Apparently IBM wasn’t the only company looking to buy a nice Silicon Valley enterprise hardware and software company, since Oracle just bought Sun now that IBM’s opted to pass. You’d assume this was the backup plan, and you’d also assume that Sun really needed/wanted to be purchased. I think it’s a better fit for Sun than IBM would have been.
It’s a pretty important change in the world of technical operations (which is much like the martial arts world, up to and including the preponderance of aged sages and masters). It even has at least one minor direct impact on MMOs. Even if it didn’t, though, it’d be interesting enough to talk about here.
The minor direct impact is Project Darkstar, Sun’s open source MMO server. Oracle doesn’t have anything against open source, about which more in a second, but Project Darkstar probably hasn’t sold Sun many servers so far and I suspect it’s the sort of fringe project which has trouble surviving after a merger/acquisition. Also, the current releases run on a single server only, which is a bit of a drawback for serious MMO work. On the other hand, it’s a fringe project which isn’t being used for a whole lot in practice, which brings us back to the minor impact.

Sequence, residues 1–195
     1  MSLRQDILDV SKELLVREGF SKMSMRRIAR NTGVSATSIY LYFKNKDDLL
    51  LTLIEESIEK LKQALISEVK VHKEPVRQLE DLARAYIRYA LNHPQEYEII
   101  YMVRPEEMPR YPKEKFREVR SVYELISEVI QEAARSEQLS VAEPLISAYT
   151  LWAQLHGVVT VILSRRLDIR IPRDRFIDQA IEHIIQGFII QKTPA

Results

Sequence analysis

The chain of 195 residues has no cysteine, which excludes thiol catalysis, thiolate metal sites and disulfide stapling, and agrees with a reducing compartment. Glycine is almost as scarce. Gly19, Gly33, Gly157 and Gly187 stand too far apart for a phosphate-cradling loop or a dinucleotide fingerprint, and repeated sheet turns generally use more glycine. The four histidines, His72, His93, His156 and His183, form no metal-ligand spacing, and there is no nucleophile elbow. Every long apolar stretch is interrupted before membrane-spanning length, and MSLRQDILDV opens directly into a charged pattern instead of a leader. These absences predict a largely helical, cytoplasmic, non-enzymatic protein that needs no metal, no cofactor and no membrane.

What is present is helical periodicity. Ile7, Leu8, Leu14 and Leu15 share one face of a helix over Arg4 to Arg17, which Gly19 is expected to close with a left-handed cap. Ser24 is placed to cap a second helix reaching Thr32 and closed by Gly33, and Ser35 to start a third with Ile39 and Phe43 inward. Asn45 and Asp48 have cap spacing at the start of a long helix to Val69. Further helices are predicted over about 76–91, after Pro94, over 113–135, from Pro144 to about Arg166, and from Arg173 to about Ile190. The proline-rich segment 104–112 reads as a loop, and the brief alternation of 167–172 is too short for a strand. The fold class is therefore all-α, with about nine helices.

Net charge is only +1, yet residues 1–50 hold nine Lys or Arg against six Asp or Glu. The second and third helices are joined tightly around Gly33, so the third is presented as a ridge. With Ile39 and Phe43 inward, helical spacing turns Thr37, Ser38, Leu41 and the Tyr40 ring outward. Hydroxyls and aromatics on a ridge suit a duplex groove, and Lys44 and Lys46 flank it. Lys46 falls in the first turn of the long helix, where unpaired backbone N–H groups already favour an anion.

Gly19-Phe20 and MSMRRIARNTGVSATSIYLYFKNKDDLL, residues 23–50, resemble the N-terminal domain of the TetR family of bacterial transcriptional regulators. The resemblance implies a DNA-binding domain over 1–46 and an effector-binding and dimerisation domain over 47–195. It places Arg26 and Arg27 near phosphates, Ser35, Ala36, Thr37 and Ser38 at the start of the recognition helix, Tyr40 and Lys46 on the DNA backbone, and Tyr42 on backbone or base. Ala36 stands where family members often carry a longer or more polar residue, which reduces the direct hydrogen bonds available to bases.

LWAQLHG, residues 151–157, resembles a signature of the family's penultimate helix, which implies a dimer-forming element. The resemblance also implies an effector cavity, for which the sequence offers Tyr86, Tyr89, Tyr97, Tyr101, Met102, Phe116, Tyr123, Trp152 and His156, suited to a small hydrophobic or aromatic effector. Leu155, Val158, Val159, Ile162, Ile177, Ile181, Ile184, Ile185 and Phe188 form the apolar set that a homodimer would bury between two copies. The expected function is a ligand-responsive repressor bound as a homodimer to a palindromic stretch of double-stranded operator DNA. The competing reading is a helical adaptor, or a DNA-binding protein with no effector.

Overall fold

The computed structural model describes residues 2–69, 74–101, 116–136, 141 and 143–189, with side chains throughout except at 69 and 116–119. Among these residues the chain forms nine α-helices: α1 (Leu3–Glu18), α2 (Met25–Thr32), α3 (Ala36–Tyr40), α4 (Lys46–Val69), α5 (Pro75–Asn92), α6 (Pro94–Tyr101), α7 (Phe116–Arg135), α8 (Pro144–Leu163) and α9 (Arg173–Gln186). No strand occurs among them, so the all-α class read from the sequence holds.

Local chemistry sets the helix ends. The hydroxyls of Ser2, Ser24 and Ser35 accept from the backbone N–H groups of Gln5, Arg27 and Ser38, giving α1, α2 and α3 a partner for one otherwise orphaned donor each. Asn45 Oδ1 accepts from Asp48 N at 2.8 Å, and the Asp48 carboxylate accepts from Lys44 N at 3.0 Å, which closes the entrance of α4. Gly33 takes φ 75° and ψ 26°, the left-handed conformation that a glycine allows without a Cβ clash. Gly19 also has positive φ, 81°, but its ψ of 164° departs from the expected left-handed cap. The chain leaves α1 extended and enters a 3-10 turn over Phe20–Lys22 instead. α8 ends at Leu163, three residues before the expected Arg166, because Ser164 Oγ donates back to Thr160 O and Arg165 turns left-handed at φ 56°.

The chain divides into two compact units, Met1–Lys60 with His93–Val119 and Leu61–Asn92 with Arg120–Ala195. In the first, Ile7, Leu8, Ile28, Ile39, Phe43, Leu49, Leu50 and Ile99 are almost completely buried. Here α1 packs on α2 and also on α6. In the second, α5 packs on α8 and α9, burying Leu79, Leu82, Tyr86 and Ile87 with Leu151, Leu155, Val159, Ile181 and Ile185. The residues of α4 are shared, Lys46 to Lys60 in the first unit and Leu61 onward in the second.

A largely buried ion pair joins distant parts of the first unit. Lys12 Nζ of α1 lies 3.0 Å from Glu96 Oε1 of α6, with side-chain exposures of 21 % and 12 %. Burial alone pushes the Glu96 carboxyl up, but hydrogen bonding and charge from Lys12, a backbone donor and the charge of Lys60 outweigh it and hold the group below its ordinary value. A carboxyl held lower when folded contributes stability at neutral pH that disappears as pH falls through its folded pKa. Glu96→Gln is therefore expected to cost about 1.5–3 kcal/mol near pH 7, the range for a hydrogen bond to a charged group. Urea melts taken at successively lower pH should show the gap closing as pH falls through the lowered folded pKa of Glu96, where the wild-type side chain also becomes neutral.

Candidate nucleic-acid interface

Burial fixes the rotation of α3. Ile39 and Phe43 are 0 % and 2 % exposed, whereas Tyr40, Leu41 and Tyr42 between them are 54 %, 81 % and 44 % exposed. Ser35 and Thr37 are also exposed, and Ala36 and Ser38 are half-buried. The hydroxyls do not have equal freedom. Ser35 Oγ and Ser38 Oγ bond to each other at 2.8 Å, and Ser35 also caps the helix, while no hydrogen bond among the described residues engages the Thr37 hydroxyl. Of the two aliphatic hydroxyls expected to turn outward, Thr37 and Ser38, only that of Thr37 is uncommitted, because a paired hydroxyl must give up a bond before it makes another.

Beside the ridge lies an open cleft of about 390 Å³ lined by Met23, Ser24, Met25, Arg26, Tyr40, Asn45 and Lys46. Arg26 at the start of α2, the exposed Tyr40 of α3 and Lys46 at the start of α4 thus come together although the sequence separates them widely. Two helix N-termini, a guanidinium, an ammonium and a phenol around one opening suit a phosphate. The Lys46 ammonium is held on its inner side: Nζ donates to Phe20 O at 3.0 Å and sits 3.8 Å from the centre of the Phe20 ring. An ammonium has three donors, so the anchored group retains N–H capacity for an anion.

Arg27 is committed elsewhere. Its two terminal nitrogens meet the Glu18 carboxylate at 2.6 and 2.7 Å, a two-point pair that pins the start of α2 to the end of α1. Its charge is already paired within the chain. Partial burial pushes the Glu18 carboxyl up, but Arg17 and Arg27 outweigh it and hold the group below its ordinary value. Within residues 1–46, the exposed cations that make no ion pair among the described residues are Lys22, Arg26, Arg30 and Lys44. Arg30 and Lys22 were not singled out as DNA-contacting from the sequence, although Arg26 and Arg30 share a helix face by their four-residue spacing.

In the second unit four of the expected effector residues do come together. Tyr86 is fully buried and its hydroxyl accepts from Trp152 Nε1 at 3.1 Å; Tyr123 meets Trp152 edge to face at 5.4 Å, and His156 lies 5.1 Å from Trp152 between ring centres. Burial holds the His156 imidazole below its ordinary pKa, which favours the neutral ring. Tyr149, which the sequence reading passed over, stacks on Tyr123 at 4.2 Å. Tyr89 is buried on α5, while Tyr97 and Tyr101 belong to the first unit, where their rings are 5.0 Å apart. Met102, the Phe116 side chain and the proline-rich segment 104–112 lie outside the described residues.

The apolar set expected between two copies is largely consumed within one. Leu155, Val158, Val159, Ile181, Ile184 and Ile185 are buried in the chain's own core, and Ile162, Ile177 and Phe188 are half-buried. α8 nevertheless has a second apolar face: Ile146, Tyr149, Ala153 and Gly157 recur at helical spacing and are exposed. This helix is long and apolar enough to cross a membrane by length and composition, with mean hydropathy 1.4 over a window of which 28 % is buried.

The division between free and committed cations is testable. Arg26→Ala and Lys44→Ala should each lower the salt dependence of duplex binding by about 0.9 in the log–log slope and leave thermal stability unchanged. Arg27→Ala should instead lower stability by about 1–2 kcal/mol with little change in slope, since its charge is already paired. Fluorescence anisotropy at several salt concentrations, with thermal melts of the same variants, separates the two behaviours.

The first big indirect impact is MySQL. I don’t expect Oracle to kill MySQL out of hand. Oracle doesn’t have a reputation as an open source friendly company, but they do a fair bit of work with open source and they’re clearly not adverse to the concept. Oracle bought Berkeley DB a few years back and it’s been chugging along just fine ever since, although admittedly it isn’t a direct competitor to Oracle’s core products. Rather, it’s a nice complement. For that matter, Oracle’s actually licensed core technology to MySQL in the past; InnoDB is an important storage engine for MySQL and it’s owned by Oracle.